Phonics is recommended as the first strategy that children should be taught, in helping them learn to read. It runs alongside other teaching methods, such as guided reading and shared reading, to help children develop all the other vital reading skills to hopefully give them a real love of reading. At Minworth Junior and Infant School we combine the guidance and phase progression from The Department for Education’s Letters and Sounds programme with the actions from Jolly Phonics.

Reception

Children are assessed on their knowledge of phase one which identifies if a child can discriminate between different sounds, identify the initial and end sounds in words, blend sounds together and split words in to sounds. They are taught these skills continually throughout the year whilst being introduced to phase two, which is learning to hear a sound and knowing how to form it and recognise it in a systematic way by learning one set at a time.

Set 1 - s a t p,       Set 2 - i n m d ,         Set 3 - g o c k,       Set 4 - ck e u r,         Set 5 - h b f ff l ll s ss

Once children are secure in these sounds they begin to learn the sounds in phase three. Phase three is taught in the same way as phase two, and by the end of phase three the children will know one way of writing each of the 44 phonemes.

Set 6 - j v w x,                 Set 7 - y z zz qu,                       Consonant digraphs - ch sh th ng

Vowel digraphs (and trigraphs) ai ee igh oa oo ar or ur ow oi ear air ure er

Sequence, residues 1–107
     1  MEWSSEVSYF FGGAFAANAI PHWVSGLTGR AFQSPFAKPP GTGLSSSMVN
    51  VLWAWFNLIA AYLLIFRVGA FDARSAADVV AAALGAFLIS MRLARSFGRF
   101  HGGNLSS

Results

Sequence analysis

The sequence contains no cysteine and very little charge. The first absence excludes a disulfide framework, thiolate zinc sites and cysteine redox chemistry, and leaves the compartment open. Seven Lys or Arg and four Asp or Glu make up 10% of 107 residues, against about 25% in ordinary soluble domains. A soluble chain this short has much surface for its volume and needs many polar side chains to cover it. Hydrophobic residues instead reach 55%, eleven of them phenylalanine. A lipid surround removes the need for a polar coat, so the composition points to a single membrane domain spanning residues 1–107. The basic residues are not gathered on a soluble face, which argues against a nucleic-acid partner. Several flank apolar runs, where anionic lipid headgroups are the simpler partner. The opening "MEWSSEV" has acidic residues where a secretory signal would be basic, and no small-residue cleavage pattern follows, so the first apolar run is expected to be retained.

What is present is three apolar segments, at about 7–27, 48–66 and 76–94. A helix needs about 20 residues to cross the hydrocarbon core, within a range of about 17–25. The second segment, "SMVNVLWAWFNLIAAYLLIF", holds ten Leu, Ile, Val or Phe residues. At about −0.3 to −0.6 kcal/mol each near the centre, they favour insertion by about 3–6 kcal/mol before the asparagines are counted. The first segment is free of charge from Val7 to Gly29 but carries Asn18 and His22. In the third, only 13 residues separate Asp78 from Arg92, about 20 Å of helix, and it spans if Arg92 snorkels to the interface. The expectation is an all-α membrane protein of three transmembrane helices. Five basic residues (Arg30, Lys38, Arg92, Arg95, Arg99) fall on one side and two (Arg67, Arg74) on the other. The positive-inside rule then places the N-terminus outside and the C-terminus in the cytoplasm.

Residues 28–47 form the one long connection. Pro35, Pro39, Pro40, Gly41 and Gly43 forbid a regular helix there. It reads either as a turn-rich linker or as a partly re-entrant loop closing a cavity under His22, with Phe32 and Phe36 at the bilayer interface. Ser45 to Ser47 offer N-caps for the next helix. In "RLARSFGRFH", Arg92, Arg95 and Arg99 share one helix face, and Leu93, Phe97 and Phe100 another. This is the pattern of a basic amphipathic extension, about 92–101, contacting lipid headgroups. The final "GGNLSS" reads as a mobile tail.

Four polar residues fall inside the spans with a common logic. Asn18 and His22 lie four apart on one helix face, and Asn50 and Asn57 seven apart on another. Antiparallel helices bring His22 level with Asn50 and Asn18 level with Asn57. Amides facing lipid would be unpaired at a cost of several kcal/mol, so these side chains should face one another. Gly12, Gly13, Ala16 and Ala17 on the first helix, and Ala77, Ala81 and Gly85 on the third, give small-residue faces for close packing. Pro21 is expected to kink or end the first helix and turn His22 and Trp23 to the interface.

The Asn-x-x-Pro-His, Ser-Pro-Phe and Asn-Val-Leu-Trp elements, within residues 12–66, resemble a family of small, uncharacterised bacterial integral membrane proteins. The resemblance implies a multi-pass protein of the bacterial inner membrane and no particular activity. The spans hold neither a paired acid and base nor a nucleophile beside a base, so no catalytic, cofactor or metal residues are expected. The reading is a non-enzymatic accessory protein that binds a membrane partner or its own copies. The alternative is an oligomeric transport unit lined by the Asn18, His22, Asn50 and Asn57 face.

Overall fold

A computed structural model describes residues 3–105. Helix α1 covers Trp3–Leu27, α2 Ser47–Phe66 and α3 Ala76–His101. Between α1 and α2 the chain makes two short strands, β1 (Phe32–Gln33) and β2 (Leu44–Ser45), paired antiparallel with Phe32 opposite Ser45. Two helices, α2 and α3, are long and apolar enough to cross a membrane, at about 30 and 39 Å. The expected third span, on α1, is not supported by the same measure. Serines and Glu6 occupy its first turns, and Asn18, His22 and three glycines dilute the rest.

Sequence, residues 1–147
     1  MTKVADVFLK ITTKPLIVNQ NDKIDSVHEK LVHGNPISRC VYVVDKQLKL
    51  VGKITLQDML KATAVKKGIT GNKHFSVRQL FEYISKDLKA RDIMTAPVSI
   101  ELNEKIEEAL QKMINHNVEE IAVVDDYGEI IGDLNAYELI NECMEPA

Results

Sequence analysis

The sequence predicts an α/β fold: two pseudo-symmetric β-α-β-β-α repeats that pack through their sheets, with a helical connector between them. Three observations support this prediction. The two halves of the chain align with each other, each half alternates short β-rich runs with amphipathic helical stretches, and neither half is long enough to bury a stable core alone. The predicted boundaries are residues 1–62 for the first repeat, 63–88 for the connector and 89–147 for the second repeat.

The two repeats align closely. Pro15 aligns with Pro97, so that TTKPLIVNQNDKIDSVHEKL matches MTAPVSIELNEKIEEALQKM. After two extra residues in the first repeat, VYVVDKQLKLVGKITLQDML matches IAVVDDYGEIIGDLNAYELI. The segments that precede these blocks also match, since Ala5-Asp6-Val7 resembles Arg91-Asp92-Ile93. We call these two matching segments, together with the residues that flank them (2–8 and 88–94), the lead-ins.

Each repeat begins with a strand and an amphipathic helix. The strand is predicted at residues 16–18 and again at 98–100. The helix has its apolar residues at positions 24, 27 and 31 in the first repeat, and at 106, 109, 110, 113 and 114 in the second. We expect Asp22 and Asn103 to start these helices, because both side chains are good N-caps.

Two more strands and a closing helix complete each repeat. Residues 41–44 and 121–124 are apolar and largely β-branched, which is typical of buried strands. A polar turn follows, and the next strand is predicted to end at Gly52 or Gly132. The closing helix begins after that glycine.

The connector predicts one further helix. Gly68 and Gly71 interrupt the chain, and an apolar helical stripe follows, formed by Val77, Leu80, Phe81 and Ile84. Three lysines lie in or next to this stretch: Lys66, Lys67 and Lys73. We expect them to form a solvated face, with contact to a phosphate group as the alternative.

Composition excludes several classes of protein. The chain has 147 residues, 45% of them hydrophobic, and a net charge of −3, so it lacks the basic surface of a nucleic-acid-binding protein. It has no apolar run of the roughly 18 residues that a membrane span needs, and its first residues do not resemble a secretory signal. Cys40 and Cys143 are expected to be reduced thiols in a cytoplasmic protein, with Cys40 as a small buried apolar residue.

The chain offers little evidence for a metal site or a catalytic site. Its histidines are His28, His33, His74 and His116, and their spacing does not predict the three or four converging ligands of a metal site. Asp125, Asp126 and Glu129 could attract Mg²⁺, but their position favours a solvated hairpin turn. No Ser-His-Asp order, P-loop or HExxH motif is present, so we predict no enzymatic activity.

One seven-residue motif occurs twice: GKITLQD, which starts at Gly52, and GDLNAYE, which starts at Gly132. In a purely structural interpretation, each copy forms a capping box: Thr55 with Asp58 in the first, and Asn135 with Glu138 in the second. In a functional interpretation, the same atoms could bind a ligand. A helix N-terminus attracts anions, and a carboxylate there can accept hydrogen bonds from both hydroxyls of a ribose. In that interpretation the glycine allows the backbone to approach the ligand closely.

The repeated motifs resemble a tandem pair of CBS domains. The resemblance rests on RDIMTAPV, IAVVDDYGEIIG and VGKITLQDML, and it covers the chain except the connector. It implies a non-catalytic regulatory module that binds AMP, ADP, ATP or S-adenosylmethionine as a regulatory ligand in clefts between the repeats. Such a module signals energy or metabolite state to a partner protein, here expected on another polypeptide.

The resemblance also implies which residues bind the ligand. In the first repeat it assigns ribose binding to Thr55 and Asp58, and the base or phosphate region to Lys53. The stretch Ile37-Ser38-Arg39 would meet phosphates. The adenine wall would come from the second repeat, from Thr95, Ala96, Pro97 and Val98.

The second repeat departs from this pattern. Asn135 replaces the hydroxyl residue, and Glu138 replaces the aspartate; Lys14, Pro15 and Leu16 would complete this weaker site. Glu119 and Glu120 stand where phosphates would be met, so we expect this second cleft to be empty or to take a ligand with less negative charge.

Year 1

Children will consolidate the learning from reception and revisit any of the 44 phonemes that children may not be secure on before starting phase four. The main challenge in this phase is to help children to blend and segment words with adjacent consonants e.g. truck, help. As children develop in confidence they are introduced to phase five where children will learn alternative ways to write sounds and split digraphs. For example, they would already know ai as in rain, but now they will be introduced to ay as in day and a-e as in make. At the end of the year all children sit a national phonics screening test.

Year 2

Children will consolidate the learning from year one before moving on to phase six. This reinforces much of the learning from phase five and helps children to develop greater fluency in reading and begins to explore spelling rules and conventions, e.g. adding -ing and -ed.

Key Stage Two

If children are assessed to require or need greater competency in phonics, they will continue to have support to learn the phonemes. Children who are secure up to phase six will learn the spelling strategies and common exception words for their age and year group.

Reading

To support the school’s approach to phonics, the school has adopted the Bug Club Reading scheme. The children start on picture books until they are able to recognise and self-blend sounds. As children’s phonetic knowledge develops, they are able to move through the reading bands which provides opportunities to decode more complex words, develop an on-sight vocabulary and read with greater fluency whilst being challenged to develop their comprehension skills. Once children’s reading is secure they will become a ‘free reader’, choosing their own texts. Comprehension and reading strategies continue throughout the key stage two curriculum.

Bug Club Progression Poster